CCK08: Connectivism: Learning Theory of the Future or Vestige of the Past?

This paper began as what was proposed as a chapter generated on the basis of Bill Kerr’s presentation, “A Challenge to Connectivism” in the online Connectivism conference. The idea was to consolidate information from the presentation, as well as related forum posts related to the presentation, all in one work that would become part of a larger publication on the subject of Connectivism, which was to be made freely available online, and available for purchase in a printed format. The project never moved beyond the stage of individual authors posting work in wiki format for further review. 

Rita Kop, University of Chelsea, Wales, co-authored “Connectivism: Learning Theory of the Future or Vestige of the Past?” with me. We were brought together virtually by George Siemens, who suggested that the two of us work on authoring the chapter. Once it was clear that the book publication was not moving forward, we asked George whether it would be permissable to try to craft the chapter into an article for publication. Since the material was being made available under a Creative Commons license agreement, we were able to re-work it. 

The next year and a half were spent refining the article until we felt that it was worthy of publication. We had the great fortune to receive a tentatively favorable reply from the first journal to which we submitted the article, the International Review of Research on Online and Distance Learning (IRRODL). After several revisions, the article was deemed fit for publication.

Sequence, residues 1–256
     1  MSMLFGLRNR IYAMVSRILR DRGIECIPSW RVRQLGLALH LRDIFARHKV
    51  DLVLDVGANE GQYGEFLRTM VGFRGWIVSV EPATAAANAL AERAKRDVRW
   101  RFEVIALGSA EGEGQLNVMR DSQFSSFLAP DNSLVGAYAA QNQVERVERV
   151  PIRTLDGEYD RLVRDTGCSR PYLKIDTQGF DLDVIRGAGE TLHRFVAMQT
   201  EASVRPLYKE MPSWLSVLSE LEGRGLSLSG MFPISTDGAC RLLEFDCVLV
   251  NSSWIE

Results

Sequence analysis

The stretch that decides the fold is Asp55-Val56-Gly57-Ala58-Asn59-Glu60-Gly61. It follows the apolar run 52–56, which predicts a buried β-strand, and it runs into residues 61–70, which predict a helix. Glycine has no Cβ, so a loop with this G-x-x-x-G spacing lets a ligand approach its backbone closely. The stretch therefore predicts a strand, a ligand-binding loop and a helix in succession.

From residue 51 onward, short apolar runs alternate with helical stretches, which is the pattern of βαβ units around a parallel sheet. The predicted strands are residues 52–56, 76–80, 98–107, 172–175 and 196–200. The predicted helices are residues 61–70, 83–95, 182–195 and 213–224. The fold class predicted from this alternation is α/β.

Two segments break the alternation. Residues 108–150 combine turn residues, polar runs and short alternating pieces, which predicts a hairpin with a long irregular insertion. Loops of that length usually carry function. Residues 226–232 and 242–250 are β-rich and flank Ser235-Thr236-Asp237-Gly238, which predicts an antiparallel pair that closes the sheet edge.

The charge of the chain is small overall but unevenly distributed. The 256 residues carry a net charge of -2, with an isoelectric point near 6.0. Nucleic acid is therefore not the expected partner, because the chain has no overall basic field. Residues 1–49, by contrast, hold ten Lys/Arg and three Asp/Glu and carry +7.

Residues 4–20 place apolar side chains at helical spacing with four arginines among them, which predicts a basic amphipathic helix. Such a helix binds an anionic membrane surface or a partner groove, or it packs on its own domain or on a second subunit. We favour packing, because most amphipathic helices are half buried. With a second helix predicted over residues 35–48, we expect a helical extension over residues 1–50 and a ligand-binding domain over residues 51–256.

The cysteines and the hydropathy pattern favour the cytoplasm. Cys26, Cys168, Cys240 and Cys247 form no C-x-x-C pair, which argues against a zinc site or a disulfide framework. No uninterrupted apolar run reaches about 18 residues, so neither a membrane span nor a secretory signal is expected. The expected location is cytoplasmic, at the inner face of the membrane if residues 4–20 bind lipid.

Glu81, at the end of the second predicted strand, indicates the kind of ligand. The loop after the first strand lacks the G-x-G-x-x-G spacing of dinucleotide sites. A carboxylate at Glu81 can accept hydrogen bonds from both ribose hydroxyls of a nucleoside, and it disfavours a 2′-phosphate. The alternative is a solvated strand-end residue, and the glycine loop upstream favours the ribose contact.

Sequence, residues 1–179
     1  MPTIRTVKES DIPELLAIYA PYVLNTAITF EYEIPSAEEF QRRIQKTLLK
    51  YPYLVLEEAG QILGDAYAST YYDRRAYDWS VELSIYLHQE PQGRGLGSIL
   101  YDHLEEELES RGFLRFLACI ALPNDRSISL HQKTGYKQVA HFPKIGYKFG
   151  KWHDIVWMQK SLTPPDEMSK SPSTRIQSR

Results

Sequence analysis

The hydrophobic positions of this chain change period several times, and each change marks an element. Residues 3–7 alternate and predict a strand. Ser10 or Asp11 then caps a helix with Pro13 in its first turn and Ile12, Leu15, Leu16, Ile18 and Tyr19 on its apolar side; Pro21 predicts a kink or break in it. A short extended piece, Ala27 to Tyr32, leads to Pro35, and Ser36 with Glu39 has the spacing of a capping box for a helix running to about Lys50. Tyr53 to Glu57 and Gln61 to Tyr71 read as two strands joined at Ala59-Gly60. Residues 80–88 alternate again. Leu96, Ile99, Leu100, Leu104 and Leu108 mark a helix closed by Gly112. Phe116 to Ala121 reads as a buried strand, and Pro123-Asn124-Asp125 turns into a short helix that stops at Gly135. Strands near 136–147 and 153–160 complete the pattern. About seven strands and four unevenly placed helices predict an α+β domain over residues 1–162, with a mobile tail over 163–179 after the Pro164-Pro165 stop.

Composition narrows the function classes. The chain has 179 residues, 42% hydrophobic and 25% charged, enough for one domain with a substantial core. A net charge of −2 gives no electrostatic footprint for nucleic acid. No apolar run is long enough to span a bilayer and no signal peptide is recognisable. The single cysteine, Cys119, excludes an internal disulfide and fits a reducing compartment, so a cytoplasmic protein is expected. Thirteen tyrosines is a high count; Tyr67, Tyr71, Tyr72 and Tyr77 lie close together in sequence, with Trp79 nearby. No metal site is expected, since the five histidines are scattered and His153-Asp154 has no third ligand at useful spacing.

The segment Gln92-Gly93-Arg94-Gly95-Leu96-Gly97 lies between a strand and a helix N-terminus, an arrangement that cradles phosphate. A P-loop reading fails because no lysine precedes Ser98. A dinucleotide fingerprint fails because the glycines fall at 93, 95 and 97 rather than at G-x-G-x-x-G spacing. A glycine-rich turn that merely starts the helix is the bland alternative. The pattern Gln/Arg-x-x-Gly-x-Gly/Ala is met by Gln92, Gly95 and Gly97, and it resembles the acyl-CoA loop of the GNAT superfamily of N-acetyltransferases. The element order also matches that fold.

Rita and I have done our best to present Connectivism equitably, within the context of challenges raised by Bill Kerr and others regarding its status as a learning theory. Since having submitted the article, my continued explorations of related subject matter have led me to question the applicability of the formal paradigm of the scientific method to the Connectivist framework. Terry Anderson’s presentation on Research Models for Connectivist Learning and design-based research resonates strongly with me, as I have come to understand the limitations of the scientific method for research conducted within the domain of education. Another related resource of interest to me is Designing Research Autopoietically, by Antoinette Oberg and Philip Montgomery. 

I am now most interested in providing an alternative response to Kerr’s introduction of Dennett’s Creatures as an explanation for evolutionary development from within the Connectivist framework. I see very strong relationships between Connectivism and the work of Francisco Varelo and Humberto Maturana in The Tree of Knowledge: The Biological Roots of Human Understanding, as well as The Embodied Mind by Varela et al. I do not have a background in evolutionary biology, nor cognitive psychology, but in philosophy. I find the material challenging, but feel that there is a very tangible quality to this work that can be applied to Connectivism: namely the theory of autopoeisis. Literally translated, “autopoeisis” means self-design. Its definition is used in the context of self-organizing systems in nature, which are governed by two prevailing principles in terms of their ontogeny and their phylogeny: structural coupling, and natural drift. More on these concepts in future posts…




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